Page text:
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I know this may seem trivial but I'm trying to grasp why irreducible elements are non-units. If an element p is a unit and b is its inverse, then $pb = 1, \forall p,b \in R$, R is a ring. Does this imply that b is a factor of p, thus making it reducible?

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    $\begingroup$ It is a definition. The whole point is that reducible elements are supposed to have nontrivial factorizations. In an integral domain, the nonzero elements fall into three classes: units, irreducible elements, and reducible elements. For a unit, every factorization into a product of two terms has both factors equal to units (that is to be proved), for an irreducible element every factorization into a product of two elements has exactly one factor equal to a unit. For a reducible element there is some factorization into a product of two elements that are both non-units. $\endgroup$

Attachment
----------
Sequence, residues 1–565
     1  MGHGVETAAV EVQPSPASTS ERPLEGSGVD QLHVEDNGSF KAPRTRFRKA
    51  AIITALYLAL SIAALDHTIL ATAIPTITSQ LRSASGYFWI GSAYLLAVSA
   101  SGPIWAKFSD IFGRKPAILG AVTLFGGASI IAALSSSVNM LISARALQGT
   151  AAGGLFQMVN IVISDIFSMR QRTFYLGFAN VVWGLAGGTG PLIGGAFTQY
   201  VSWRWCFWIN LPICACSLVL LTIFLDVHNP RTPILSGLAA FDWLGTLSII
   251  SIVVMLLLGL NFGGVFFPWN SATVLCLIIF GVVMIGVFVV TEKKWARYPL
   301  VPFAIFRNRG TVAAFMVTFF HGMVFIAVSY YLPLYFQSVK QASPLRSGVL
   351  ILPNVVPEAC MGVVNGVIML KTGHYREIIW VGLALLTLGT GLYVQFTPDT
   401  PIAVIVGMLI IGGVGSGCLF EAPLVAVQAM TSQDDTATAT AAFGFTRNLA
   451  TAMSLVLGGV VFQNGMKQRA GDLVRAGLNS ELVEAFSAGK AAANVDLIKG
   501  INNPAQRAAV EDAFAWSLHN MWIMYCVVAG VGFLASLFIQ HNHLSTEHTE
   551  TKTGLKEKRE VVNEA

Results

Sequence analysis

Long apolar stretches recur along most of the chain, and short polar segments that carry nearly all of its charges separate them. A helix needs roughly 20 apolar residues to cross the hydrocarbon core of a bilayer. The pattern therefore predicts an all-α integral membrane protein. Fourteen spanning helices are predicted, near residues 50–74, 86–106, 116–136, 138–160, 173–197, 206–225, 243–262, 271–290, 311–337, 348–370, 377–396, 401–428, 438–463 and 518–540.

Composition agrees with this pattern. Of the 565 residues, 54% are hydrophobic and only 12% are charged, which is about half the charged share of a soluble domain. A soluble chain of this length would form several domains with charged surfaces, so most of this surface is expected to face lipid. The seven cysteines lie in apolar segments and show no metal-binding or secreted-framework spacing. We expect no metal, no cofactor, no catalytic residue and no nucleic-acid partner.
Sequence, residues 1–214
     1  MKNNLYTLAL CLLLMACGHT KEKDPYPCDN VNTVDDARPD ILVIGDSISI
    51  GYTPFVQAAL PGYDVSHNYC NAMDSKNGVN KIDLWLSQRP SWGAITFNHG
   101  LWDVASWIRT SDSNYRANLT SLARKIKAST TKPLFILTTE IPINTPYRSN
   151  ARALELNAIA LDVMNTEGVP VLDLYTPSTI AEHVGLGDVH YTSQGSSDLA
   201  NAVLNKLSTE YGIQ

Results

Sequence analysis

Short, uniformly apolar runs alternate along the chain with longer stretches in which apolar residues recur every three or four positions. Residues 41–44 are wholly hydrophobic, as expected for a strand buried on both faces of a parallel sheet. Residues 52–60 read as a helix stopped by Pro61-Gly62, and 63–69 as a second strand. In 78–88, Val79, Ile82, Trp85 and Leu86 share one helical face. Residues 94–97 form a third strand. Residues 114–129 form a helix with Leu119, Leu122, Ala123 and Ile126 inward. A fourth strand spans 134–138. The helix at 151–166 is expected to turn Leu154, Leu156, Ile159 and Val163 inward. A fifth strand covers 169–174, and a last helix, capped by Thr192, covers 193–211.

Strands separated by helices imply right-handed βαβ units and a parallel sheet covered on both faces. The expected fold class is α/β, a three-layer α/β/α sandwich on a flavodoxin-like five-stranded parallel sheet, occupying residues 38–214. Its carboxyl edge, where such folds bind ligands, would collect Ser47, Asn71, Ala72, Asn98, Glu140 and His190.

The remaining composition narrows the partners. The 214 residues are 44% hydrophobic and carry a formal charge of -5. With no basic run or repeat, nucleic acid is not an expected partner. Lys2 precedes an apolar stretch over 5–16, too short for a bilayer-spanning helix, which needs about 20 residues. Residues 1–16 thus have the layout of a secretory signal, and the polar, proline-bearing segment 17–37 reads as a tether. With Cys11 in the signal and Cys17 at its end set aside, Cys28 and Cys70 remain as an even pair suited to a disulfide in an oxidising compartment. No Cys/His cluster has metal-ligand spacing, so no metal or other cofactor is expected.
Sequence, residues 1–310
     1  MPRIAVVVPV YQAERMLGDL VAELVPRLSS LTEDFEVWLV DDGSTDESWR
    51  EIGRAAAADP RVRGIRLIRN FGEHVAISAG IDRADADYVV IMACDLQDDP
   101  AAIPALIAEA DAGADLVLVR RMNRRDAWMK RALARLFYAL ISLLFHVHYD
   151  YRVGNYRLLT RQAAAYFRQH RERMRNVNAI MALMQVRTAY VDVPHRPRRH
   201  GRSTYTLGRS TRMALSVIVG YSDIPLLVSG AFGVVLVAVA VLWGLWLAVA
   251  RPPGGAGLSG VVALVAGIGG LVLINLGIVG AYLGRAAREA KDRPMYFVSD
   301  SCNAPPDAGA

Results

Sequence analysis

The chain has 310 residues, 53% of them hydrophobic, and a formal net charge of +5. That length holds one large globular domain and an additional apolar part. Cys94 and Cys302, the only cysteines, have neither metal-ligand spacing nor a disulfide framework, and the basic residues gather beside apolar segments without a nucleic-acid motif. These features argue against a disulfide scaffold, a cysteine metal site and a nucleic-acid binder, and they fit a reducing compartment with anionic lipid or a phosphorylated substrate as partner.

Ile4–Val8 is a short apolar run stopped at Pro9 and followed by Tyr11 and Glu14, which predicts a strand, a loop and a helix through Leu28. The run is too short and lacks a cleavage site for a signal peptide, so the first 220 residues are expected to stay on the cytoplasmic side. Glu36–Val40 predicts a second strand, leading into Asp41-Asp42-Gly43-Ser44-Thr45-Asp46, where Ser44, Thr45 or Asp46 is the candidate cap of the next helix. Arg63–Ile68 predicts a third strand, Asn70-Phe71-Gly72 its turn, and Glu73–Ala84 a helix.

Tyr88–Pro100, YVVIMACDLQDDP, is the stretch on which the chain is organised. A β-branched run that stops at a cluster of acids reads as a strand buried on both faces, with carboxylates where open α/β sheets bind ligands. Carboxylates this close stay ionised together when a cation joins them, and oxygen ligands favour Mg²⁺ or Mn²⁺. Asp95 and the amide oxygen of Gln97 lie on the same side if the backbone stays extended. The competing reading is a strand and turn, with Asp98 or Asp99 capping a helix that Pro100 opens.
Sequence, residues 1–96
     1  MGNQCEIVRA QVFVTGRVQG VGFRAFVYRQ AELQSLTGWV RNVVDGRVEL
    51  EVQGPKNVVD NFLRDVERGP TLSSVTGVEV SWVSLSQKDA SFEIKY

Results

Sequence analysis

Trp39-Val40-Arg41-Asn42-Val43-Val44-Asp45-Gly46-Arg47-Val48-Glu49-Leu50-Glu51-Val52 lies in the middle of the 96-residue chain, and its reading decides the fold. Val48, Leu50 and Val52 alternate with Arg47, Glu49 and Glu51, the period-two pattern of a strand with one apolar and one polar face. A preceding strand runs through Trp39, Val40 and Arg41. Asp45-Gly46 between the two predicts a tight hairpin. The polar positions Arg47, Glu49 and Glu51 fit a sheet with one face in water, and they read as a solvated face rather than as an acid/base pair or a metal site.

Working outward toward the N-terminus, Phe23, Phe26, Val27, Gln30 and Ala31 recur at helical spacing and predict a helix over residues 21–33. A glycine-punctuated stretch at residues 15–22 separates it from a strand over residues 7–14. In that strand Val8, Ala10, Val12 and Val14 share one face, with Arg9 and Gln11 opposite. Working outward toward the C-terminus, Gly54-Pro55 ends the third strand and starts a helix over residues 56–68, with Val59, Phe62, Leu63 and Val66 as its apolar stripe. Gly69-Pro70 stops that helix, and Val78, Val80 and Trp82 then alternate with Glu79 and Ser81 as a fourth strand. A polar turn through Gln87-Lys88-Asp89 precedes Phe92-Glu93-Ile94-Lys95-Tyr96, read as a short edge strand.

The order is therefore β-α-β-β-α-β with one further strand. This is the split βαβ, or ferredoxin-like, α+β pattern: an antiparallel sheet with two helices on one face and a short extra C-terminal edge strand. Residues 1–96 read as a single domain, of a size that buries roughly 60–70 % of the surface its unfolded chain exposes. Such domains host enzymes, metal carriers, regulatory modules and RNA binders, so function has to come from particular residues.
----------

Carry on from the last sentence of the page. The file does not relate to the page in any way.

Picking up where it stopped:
– KCd
    Commented Mar 3, 2015 at 14:10

2 Answers 2

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Here is another example: suppose your teacher instructs you to factor:

$p(x) = x + 1$ in the rational number system.

You might reply, "it's already factored", but then your teacher says:

"No, $p(x) = 2\cdot \left(\dfrac{x}{2} + \dfrac{1}{2}\right)$".

You realize, with a sinking feeling, you'll never "be finished factoring". Intuitively, factoring ought to stop "at some basic level". Factoring "up to units" IS that basic level, an opt-out that allows us to finally be "done". (note that $2$ is a unit in $\Bbb Q$, so the two factorizations above are "really the same").

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Irreducible elements are non-units by definition. That is, they are non-units because the definition explicitly requires them to be; if it didn't, they could be units. (The reason why the definition insists that they be non-units is that otherwise, the notion of a UFD would be useless: even in $\mathbb Z$, the factorization of a nonzero integer into irreducibles would not be unique since $2 = 1\cdot 2 = 1\cdot 1 \cdot 2 = \cdots$.)

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